Even if you're working with an experienced attorney, you should review all documents and forms together to avoid miscommunications. Be clear about what you'd like to be changed.

What's Your Retirement Planning Look Like?

Retirement funds will go to a listed beneficiary and will not flow into a decedent's estate. Rules regarding the distribution of retirement funds fall under contract law rather than estate law. If there is no listed beneficiary for some reason, then retirement funds would flow into an estate and be probated according to the terms of the will.

Do You Have Life Insurance?

Life insurance also falls under contract law, which means it will be distributed according to the life insurance policy. You can, however, list a trust as a beneficiary on a life insurance policy, and the terms of a trust can be contained within a will.

Have You Gone Through a Divorce?

Believe it or not, this question matters. Depending on the terms of a divorce settlement agreement, your estate planning attorney will need to know if your ex-spouse has any claims to child support, alimony, retirement accounts, or life insurance proceeds.

How Do You Feel About a Revocable Living Trust?

Putting assets into revocable living trusts can avoid the costly and timely probate process of filing a will with the court. However, a revocable living trust may not be the best move for everyone. Revocable living trusts don't void inheritances, estates, or income taxes. Some lawyers recommend these structures.

What Other Issues Would You Like to Address?

As the human life expectancy increases, so does the probability of long-term physical problems and mental health issues. Estate attorneys exist to help clients financially prepare for the possibility of disability or dementia by drawing up powers of attorney, healthcare instructions, and living wills.

All the Questions No One Wants to Answer

Unfortunately, estate planning means answering tough questions. Are you aware of any life-threatening illnesses? What are your wishes for after you've passed? If you have any specific wishes or religious requests, these are things your estate planning attorney will want to know. 

Common Disputes in Estate Planning

Estate planning disputes arise when an estate plan, articulated in a last will and testament, is executed, following the death of the owner of the estate (the “decedent”). Sometimes a dispute may come up during the planning of the estate. In either case, it is important to have a solid estate plan.

A complete estate plan should cover all the details of a person's assets and reflect careful thought. Of course, circumstances can change and they may not be reflected in the estate plan. However, it is still important to try to create an estate plan that allows for adjustments if there are changes in a person's life.

Despite good estate planning, there is still the possibility that disagreements will develop. Below are some of the types of disagreements regarding an estate that are seen more frequently:

  • Disputes over property distribution:
    • For instance, disputes can develop when the decedent expressed an intention to change a last will and testament or other document so that a certain person would receive certain property, but did not in fact change the documents to reflect their changed intentions;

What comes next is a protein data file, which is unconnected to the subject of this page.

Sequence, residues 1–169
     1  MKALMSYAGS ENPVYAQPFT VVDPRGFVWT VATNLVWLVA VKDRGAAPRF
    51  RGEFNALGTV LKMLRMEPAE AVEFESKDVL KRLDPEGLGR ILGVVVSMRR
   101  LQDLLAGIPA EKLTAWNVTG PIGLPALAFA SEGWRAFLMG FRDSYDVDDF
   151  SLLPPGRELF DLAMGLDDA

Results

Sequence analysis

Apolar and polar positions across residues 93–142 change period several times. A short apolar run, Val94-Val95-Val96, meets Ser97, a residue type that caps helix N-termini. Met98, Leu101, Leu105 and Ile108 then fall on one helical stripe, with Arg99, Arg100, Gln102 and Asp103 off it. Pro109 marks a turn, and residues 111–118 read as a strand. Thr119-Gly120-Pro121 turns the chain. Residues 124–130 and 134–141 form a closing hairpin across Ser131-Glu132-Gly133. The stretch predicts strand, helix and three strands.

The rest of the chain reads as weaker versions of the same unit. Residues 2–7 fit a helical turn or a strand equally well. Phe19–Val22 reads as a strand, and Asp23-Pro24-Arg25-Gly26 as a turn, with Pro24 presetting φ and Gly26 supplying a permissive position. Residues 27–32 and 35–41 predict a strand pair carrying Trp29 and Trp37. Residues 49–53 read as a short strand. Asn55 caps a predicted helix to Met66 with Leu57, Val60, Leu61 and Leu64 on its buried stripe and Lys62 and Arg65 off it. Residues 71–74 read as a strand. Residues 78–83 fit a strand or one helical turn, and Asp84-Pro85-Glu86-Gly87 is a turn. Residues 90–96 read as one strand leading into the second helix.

• Conflicts where the beneficiaries of assets in a will believe that the assets have been distributed unequally or not as expected by certain parties;
  • Disputes as to the validity of a will or the estate plan: For example, interested parties may claim that the will was not made or executed properly;
  • Conflicts with the estate executor or administrator:
    • An executor is the person appointed by a court to manage an estate and effect the plan as provided in a will or other relevant documents after a person passes away. Conflicts may come up because the executor engages in some form of mismanagement of the estate, including possible fraud;
    • Some interested parties may be dissatisfied with the executor and the manner in which the executor was chosen;
  • Issues involving sudden incapacitation or disability on the part of the decedent:
    • An interested party may allege that the decedent was coerced into making a change to their will by someone exerting undue influence; or
    • An interested party may allege that the decedent in general did not understand what they were doing when they made their estate plan or changed it, because they were not competent.

There are certain types of family issues that can cause disputes during the execution of the estate plan. Rivalries among siblings and later marriages of the decedent can cause disagreements among the various parties who stand to inherit or believe they should and someone else should not. Adult children may be dismayed if a sizable bequest is left in a will to a later spouse who is not their mother or father. Also, some siblings may believe that those mentioned in a will, and those who are not, have not been treated as the decedent wanted.

A decedent's last will and testament often provides for how much of the decedent's estate is to be distributed, but a will is not the only instrument of estate planning. Many issues of distribution can be managed through means other than a written will. Planning how to make good use of other financial instruments and tools can be part of a good estate plan.

For example, some of the following are instruments for passing certain kinds of property outside of a will:

  • Life insurance: The proceeds of life insurance policies pass directly to named beneficiaries and not through a will;